“The best writing advice I’ve ever received is to judge the draft and not the process. Writing is hard, so difficult, and I found early on when I started to write that I would get in my head about where I was at in the current moment and asking if it was any good, if it was even worth it to put it down—but those are all questions you should have for yourself after you finish a draft. Get out of your own head; focus on getting a page done or however many. It’s key that you just have something to react to instead of getting in your own way. I would also say to write about what is interesting to you. Don’t write about what you think others expect you should—write from the heart and from your own experience. People can sense the authenticity that comes from creative writing.”

Devon Gilfillian:

"If you are looking for any good tips on writing, the book On Writing by Stephen King is amazing. One of the great things he says is that writing is telepathy. You are literally telling somebody what is in your brain. You are putting what is in your head on a page and then someone else is taking that in. One of the greatest tips in the book is to just put your head down, and write. Write for hours, or 30 minutes, but just don’t critique it until you’re done. Write for you.”

Valerie June:

“Some of the best writing advice I have ever gotten actually came from teenage poets at the Library of Congress. I was invited there to judge a poetry contest, and it was just a group of amazing poets. I thought to myself, these students are just brilliant. Hearing them read made me so hopeful for future writers. One of the poets there, when I asked how poems come to them and how they get started, she said, “To me, poems always start with one sentence. So if you can just write one line, then the rest will come.” I took that and I said, okay, I can see how that could be applied to anything. To a story, a poem, a song, anything. Thinking of writing a whole song or a whole book, that can feel too big and too much. Breaking it down to one line, one sentence, that’s how to start.”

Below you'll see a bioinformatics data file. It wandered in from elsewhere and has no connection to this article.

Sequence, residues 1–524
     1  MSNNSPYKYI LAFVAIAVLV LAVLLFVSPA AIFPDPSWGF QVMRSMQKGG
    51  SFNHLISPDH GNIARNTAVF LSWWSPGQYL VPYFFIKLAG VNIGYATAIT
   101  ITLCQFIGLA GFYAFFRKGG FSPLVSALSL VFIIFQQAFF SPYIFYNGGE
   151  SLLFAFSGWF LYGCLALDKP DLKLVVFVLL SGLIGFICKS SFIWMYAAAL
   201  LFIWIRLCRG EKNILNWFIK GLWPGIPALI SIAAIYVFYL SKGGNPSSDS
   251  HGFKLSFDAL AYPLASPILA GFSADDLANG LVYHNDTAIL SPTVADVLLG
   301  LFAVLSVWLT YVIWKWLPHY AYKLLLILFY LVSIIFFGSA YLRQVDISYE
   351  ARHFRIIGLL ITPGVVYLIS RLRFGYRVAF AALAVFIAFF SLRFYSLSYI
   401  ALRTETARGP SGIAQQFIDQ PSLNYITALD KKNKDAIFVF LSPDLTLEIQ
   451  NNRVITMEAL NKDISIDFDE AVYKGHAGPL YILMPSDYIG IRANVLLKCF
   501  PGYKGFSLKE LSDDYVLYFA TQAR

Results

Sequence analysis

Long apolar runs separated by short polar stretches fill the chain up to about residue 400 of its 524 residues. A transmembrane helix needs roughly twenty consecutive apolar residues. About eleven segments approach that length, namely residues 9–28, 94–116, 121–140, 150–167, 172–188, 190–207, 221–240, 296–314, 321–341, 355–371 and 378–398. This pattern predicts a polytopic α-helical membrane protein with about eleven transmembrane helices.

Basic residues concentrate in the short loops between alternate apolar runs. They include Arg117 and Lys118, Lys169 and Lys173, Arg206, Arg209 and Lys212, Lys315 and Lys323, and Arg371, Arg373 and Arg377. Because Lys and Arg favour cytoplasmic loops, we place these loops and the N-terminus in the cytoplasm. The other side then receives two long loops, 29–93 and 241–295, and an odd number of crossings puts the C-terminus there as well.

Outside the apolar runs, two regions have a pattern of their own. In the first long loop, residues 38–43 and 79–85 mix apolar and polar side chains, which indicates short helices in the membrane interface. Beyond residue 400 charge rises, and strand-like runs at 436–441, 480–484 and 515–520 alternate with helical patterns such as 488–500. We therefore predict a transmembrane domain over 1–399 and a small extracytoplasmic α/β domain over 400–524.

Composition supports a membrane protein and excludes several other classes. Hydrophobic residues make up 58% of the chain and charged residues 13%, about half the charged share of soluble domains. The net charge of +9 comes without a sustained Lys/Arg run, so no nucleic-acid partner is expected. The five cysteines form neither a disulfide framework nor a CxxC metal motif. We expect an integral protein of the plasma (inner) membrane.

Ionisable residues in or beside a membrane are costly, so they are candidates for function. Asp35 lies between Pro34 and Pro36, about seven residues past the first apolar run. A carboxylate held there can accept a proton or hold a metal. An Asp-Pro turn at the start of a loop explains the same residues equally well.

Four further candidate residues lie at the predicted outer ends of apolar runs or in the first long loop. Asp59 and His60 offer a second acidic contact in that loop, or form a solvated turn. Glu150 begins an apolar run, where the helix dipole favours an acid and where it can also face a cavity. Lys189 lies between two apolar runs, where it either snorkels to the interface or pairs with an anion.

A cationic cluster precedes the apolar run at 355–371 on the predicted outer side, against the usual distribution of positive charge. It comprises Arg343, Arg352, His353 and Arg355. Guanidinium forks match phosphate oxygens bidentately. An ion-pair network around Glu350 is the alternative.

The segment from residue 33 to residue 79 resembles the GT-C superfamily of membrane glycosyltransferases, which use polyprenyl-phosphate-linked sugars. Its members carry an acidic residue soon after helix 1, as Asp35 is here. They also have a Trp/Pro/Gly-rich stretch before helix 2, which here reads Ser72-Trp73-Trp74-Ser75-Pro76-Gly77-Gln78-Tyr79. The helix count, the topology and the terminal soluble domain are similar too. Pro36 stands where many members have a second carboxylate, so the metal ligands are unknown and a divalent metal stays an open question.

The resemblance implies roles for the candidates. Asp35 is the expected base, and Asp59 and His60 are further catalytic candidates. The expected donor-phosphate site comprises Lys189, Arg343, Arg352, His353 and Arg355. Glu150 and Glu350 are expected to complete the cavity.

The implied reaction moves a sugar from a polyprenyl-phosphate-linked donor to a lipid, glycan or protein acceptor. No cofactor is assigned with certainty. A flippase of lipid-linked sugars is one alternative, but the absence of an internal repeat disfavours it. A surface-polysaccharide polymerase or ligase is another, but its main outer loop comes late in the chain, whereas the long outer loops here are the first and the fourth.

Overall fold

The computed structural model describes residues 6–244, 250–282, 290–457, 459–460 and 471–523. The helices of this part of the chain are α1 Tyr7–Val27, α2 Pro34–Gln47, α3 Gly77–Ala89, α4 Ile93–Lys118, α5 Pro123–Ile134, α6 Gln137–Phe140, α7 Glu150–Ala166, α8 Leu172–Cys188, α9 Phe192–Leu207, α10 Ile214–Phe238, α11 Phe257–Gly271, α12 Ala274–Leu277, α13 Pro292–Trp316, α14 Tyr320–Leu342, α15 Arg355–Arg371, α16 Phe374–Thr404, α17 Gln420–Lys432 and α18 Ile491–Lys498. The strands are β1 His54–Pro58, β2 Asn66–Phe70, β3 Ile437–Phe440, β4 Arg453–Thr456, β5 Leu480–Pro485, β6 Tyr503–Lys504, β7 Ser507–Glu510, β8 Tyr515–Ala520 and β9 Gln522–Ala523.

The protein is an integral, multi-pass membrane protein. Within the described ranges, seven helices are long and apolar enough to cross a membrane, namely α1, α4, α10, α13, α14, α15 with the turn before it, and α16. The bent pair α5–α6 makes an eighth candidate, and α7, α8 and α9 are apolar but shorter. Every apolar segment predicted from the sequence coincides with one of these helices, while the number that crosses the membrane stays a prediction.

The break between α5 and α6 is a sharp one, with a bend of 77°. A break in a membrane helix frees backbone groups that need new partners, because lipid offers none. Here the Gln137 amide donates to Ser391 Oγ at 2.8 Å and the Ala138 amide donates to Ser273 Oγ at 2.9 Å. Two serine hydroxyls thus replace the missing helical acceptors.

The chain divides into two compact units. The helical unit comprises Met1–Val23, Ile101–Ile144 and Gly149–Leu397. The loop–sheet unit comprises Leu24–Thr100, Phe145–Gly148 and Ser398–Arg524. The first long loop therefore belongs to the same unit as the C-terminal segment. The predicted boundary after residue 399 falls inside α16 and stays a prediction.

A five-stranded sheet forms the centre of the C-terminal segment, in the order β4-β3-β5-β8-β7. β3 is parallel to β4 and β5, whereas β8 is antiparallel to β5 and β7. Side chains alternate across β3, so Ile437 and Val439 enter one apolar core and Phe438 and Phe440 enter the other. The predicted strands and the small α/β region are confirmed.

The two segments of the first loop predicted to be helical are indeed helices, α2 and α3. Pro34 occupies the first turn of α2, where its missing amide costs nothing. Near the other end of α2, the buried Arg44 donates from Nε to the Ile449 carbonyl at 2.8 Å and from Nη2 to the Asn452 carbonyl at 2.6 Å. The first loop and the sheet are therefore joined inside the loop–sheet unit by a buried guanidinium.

Rhett Miller:

"[After finishing playing Somewhere Over the Rainbow] I always thought that was a good question to ask ourselves. “Why can’t I? Why not me?” If you are interested in writing and creating, why does anyone else have a better chance of succeeding in creating than you? The truth is, they don’t. You just have to do it. Don’t let the internal voices stop you."

Erika Ender:

"The best writing advice I ever received is to share. When you write with someone else, you not only avoid repeating yourself, but also learn from another person. And what I've learned when writing is that it is a business of emotions. Whenever you connect to a message that people need to express or need to hear, it is so powerful. Getting into people's minds and hearts makes all the difference."

Matt Quinn (Mt. Joy):

"No matter how exciting or amazing you think the thing you've written is, there's probably an easier way to say it. When you say things with less words and allow them to have more space, it's more likely than not going to be more impactful."

Wrabel:

"There's so much power in writing. Even just journaling, there really is so much power in putting words down and seeing them go from your brain to the page. I find that so cathartic. Even just ideas or little notes to self."